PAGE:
I decided I should probably get into sports to get ready for my move to Boston, so I am supposed to be watching the Eagles v Giants game right now. But it seems like I picked the worst game to start, since neither of the teams have gotten past the 50 yard line for most of the first half. Whatever, I'm just going to write this blog post instead.

Before I moved out, Rachel and I got a chance to make these awesome baked plums. They are SO easy and heavenly. I think that if you bake any fruit with honey, it will turn into dessert gold. We ended up topping it with a little bit of yogurt and cinnamon, and it was perfection.

Finally, touchdown Eagles! Maybe they sensed that people (namely me) were getting bored, and decided to finally make some good moves on the field.

This weekend Rachel and I made a feast to honor our last weekend together in the apartment. We made two of our favorite go-to sides: Curried Cauliflower and Japanese-style Cabbage Salad. We also made a main dish with fish since Rachel is Kosher and I like to know the source of my meat. It usually takes a situation like that for me to cook fish. When I first started the paleo diet, I tried really hard to get into fish, but I just can't. Fish is just overwhelmingly fishy sometimes.

The Japanese-style Cabbage Salad is super easy to make. It doesn't even require any cooking. You just mix some ingredients together and throw in some pre-cut cabbage, and you are good to go! The Curried Cauliflower is delicious and super easy to make, but you have to give the cauliflower sometime to cook down. The Israeli BBQ fish had a very strong tamarind flavor to me. I've never cooked with tamarind before, and it's a very unique flavor.

Moving is a bitch. Moving to a different city is even more of a bitch. Moving to a different city when your building's management company sucks balls is a serious bitch. As a result, I have spent very little time at the farmers market, and consequently very little time in the kitchen. So when Simi suggested lunch at Casa Mono to get my mind off of the headaches of moving, I was a little too excited. After a semester abroad in Madrid, I have a soft spot in my heart for tapas and Spanish food.

I love Casa Mono; their food is phenomenal. They are on the expensive side, but after the moving ordeals that I have been going through I think I deserve a good meal. Just like Northern Spy Company, Casa Mono features their menu on Real Time Farms, so you can see which farms they source from. They have a whole section of the menu dedicated to dishes made from whole organic animals that are pasture raised on small farms in the Hudson Valley and butchered in-house. They also have some really cool green initiatives, and are a certified two star Green Restaurant. I definitely recommend checking them out.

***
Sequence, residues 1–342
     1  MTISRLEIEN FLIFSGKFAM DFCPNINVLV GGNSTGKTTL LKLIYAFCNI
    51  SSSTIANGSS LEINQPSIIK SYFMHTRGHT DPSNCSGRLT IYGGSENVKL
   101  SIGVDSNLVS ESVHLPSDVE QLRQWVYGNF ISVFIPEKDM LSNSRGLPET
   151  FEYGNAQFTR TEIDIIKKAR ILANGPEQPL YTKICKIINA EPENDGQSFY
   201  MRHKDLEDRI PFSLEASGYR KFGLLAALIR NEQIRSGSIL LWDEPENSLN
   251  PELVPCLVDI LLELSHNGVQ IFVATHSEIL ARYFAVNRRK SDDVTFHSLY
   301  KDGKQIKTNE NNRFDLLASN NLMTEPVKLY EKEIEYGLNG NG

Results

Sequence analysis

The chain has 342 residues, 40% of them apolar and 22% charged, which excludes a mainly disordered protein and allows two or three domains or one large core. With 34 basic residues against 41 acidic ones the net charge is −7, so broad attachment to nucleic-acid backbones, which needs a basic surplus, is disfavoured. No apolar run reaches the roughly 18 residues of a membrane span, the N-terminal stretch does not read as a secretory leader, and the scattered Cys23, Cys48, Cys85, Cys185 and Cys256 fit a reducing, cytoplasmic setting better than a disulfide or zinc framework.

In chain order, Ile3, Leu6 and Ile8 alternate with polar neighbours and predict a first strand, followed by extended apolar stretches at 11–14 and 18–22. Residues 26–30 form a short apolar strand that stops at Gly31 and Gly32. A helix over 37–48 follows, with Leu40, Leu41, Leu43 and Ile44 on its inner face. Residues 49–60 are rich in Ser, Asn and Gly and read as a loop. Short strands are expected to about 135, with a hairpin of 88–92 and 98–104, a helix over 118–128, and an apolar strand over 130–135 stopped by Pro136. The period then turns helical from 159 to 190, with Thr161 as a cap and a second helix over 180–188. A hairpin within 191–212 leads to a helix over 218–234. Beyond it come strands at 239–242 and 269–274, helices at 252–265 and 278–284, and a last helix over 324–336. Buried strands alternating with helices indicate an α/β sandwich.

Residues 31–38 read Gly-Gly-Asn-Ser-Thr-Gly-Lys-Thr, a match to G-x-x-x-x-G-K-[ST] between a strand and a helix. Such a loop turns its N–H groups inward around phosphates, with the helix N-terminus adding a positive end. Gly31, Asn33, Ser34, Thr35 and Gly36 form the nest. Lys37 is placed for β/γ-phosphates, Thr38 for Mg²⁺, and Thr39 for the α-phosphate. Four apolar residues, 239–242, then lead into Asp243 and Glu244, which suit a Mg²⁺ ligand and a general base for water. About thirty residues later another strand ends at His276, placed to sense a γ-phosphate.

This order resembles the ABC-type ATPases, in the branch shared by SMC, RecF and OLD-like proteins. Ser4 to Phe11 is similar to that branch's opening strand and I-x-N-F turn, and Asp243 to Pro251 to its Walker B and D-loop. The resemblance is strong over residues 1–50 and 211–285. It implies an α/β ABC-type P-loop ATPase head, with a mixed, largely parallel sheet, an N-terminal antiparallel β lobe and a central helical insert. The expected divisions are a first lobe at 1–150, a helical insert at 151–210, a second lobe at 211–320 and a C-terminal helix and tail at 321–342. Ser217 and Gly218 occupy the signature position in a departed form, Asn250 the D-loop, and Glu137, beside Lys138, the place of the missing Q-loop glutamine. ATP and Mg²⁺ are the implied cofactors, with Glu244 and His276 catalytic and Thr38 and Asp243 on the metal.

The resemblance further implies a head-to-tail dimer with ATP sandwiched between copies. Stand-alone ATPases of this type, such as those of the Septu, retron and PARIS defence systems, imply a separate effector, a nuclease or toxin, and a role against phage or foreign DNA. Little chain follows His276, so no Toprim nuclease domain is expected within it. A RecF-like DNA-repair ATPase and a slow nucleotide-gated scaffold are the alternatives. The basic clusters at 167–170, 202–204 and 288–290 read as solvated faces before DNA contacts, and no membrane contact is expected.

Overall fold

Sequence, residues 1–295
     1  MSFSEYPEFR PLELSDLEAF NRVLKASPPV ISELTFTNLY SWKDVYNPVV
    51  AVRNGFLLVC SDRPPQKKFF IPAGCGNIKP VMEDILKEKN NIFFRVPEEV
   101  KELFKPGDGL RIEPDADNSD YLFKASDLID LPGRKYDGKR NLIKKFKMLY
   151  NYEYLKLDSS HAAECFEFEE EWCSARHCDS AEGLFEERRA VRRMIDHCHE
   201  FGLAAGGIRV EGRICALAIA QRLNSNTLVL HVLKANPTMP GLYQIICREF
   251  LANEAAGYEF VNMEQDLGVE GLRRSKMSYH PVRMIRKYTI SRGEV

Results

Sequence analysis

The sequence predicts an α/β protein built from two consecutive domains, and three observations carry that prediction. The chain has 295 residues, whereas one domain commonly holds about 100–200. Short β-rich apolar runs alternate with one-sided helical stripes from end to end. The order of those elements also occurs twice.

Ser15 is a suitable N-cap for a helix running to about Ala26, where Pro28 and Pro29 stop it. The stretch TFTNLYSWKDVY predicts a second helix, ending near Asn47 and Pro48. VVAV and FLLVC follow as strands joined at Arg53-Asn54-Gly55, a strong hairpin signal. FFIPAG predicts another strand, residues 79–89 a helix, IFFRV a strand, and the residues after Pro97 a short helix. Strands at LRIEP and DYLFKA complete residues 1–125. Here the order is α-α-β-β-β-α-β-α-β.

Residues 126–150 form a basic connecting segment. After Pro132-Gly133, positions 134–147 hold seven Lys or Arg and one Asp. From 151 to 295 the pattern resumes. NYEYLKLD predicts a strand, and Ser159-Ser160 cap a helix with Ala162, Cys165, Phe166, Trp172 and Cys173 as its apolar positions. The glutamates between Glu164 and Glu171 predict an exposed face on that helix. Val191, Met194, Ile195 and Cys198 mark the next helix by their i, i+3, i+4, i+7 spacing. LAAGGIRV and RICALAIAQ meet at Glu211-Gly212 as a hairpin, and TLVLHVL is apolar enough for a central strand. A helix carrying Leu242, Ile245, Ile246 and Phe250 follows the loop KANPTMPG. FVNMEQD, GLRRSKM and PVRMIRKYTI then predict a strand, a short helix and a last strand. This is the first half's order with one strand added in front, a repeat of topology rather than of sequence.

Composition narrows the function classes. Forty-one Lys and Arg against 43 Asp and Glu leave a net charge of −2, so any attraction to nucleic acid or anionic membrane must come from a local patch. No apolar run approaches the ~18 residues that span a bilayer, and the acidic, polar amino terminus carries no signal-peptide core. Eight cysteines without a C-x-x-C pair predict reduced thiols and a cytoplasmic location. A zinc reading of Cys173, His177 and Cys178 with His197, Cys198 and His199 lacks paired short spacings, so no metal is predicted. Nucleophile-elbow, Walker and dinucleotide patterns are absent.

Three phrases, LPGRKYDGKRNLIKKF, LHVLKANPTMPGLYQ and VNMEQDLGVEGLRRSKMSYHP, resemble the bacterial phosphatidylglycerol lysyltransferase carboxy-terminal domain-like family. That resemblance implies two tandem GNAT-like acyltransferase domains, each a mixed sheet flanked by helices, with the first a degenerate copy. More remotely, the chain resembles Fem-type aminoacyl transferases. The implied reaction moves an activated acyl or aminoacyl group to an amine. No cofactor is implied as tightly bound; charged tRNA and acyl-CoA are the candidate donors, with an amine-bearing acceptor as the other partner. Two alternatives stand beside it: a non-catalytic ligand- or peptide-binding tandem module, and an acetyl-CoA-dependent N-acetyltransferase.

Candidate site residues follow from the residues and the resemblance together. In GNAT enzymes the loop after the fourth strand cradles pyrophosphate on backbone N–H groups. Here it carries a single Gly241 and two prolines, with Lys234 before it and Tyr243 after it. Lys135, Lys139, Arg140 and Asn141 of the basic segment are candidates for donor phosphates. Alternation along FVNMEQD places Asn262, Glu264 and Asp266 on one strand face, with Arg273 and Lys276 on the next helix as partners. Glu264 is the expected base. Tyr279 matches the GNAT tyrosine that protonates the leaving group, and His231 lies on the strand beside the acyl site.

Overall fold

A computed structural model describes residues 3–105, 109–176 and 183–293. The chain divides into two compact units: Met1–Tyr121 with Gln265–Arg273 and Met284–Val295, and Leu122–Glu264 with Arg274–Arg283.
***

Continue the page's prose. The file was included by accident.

Last week, my parents and I went to California to drop off my brother at UCLA (god, they grow up fast). While I was there, I noticed that it seems like Californians don't really need a locavore challenge. For them, eating sustainably isn't part of a 30-day challenge or a slow food movement, it's just life.
On the way from SFO to Lake Tahoe, my parents decided to take a short pit stop in Napa. Last time I went to Napa to visit Simi, I had absolutely fallen in love with the place. I mean, come on - good food and good wine, what more could a girl ask for? This time we went to the Oxbow Public Market for lunch. It's basically a market place where local artisans and purveyors can sell their crops and/or specialties to the community. They also have a bunch of restaurants and food vendors that source sustainably/locally. The spirit of the market place rests on the fact that all of their tenants "actively support sustainable and organic farming practices, owner-operated businesses, local food producers, and the agricultural community of Napa Valley and surrounding regions." The food was phenomenal and so fresh. Even my dad, who always makes fun of me by saying things like "do you think these bathrooms are organic?" could not get over the sweetness of the tomatoes on his bruschetta. He admitted that they were out of this world. 

You know what I hate more than anything in the world? People who recline their seat on an airplane. They suck. They suck hardcore. I am SO close to stealing the pillow of the guy in front of me and punching him in the face. Sorry, flying makes me a bitter person. Anyway, before I left for LA, I met up with Jen and Victor for dinner at Bareburger, one of my favorite burger places in the city. They are so passionate about sourcing sustainably; even their decor is made out of reclaimed material. Most of their meat (except their bison and elk) comes from New York, New Jersey, and Pennsylvania. 

The cool thing about them is that they have something for almost every diet. I don't think there has been a single person that I have taken to Bareburger who doesn't like it. They have gluten-free options for someone like me, by offering a gluten-free tapioca bun or a lettuce wrap (I prefer to go with the lettuce wrap). They also have vegetarian and vegan options, by offering a dairy-free, nut-free veggie patty or a portabella mushroom burger. And best part, they are pretty affordable for organic fare. If you haven't checked them out already, I highly recommend it. They are awesome.